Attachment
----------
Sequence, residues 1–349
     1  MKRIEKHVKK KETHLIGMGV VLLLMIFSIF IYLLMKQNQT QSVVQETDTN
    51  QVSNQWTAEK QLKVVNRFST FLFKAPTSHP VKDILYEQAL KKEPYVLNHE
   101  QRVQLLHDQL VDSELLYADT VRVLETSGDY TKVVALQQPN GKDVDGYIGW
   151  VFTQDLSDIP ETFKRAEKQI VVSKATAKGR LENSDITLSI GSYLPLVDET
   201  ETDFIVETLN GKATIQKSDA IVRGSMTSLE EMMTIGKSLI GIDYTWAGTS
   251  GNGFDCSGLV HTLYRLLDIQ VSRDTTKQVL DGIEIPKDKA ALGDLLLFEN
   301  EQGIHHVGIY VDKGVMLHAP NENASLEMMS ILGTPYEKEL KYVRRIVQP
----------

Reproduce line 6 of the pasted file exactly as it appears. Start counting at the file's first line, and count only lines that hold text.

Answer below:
   201  ETDFIVETLN GKATIQKSDA IVRGSMTSLE EMMTIGKSLI GIDYTWAGTS